We Must Believe in the People We Serve

Recently, I took a NAMI (National Alliance on Mental Illness) Provider Education Course. I discussed various topics in a room full of social workers, therapists, and directors.

There was one big point of contention, when I mentioned the importance of believing in our clients and being as encouraging as possible.

I talked about how I have told clients that their potential is limitless. I believe they are survivors, having gone through so much trauma, but are trying to turn their lives around.

Having said that, most of the room was in total disagreement. The Licensed Marriage and Family Therapist leading the class said that, “We must be realistic. I’ve found that it’s more often true that they cannot achieve many things.”

And to that I stood up and declared that to be wrong. I said, “We may be able to predict where someone can be in 6 months. Maybe one or two years. But we can never know where they will be in ten years.”
I highlighted my own example. “Several people have said I couldn’t graduate from an engineering college. My own parents and psychiatrist said I could never work, and that I should live on SSI. But I graduated, I now work full-time, I have accomplished great things, and I will accomplish even more great things in the future.

“People made predictions about me in the past, and they were dead wrong. There are too many success stories that have spat in the face of those who made pessimistic predictions.”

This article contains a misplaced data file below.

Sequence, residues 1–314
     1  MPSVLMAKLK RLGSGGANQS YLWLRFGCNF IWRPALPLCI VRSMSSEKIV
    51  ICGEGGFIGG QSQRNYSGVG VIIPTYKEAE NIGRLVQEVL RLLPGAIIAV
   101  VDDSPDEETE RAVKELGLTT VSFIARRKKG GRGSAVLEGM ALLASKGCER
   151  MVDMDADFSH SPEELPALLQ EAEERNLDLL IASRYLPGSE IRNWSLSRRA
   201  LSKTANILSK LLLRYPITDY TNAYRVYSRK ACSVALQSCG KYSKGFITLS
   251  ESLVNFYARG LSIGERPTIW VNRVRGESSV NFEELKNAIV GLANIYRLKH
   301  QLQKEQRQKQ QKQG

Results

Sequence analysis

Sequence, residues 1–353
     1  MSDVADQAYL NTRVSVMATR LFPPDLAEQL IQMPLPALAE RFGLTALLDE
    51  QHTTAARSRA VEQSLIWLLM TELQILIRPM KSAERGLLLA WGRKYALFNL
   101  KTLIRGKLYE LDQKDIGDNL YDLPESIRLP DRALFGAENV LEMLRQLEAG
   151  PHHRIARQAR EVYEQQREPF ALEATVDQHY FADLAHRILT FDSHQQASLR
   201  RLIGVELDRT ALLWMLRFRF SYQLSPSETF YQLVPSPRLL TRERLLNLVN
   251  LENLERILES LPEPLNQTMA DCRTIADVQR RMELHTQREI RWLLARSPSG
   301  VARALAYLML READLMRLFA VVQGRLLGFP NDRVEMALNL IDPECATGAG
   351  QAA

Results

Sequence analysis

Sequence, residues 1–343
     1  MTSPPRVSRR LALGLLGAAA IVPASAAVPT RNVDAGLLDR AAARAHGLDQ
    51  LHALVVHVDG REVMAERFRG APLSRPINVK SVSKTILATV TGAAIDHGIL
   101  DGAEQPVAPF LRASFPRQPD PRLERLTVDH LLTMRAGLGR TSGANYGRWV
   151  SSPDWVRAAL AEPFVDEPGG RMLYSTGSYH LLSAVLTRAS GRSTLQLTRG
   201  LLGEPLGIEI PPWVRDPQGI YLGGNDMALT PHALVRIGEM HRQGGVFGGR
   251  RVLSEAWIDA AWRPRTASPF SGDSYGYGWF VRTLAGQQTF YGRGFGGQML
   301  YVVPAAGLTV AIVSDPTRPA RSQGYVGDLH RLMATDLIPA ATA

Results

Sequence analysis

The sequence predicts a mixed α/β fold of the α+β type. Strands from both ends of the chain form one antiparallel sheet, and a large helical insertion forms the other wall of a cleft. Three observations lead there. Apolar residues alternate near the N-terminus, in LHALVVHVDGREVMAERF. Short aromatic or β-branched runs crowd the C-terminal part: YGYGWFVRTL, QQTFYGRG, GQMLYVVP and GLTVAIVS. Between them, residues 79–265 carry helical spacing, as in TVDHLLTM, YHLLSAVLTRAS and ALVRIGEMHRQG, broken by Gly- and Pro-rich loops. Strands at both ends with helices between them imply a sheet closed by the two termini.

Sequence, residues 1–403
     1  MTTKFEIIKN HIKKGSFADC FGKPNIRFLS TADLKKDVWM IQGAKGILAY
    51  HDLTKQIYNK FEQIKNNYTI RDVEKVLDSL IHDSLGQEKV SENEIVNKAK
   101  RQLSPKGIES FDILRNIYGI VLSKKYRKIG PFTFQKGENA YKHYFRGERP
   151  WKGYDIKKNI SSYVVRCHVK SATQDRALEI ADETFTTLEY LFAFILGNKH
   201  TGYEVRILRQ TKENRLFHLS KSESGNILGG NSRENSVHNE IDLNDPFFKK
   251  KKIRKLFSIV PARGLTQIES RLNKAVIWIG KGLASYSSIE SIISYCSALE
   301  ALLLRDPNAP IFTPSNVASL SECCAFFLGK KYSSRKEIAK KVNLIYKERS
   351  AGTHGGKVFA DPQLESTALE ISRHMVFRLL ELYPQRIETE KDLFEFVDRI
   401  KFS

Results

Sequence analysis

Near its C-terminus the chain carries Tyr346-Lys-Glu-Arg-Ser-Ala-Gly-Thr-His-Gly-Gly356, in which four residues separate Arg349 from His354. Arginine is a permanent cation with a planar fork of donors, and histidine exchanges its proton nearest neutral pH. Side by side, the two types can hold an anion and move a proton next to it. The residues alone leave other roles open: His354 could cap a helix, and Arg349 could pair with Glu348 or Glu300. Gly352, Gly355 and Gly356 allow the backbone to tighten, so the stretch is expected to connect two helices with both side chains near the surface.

And by having a “realistic” point of view (which oftentimes is pessimistic), by telling someone their potential is limited and predicting a bleak outlook for the rest of their lives, you are hurting the people we are meant to help.

I hear psychiatrists and coworkers tell people, “You probably won’t be able to work again.” But that type of statement is damaging someone. It takes away their hopes and dreams. Perhaps it is true, but we ourselves can never know.

What I say instead is, “Right now it looks like you might not be able to work. I don’t know if you can in the future, but if you want to, I will support you and try to help you get to where you want to be.”

I think social workers fear being responsible for someone making mistakes. If we err on the side of discretion and “realism,” we are playing it safe. Perhaps if we believe in someone, they will try and fail – and then we will be responsible.

But I urge you to set that aside and be encouraging. Be hopeful. Have faith in the people we serve.

However, one thing I should note is that I never push. If I believe someone can work, but they don’t, I never, ever push them to do something they don’t want to do. I will encourage them, try to provide counseling and help them see the potential in themselves, but in the end, I never push.

I think if we encourage, and not push, that will help assuage our fears that we will be responsible for anything bad that happens, and still give hope to our clients.

So please. Have hope. Err on the side of encouragement, not discouragement. Recognize your own limitations in predicting where someone will be. Because in the end, we are frequently the only one who has hope in the client – which can dictate hope in the client as well.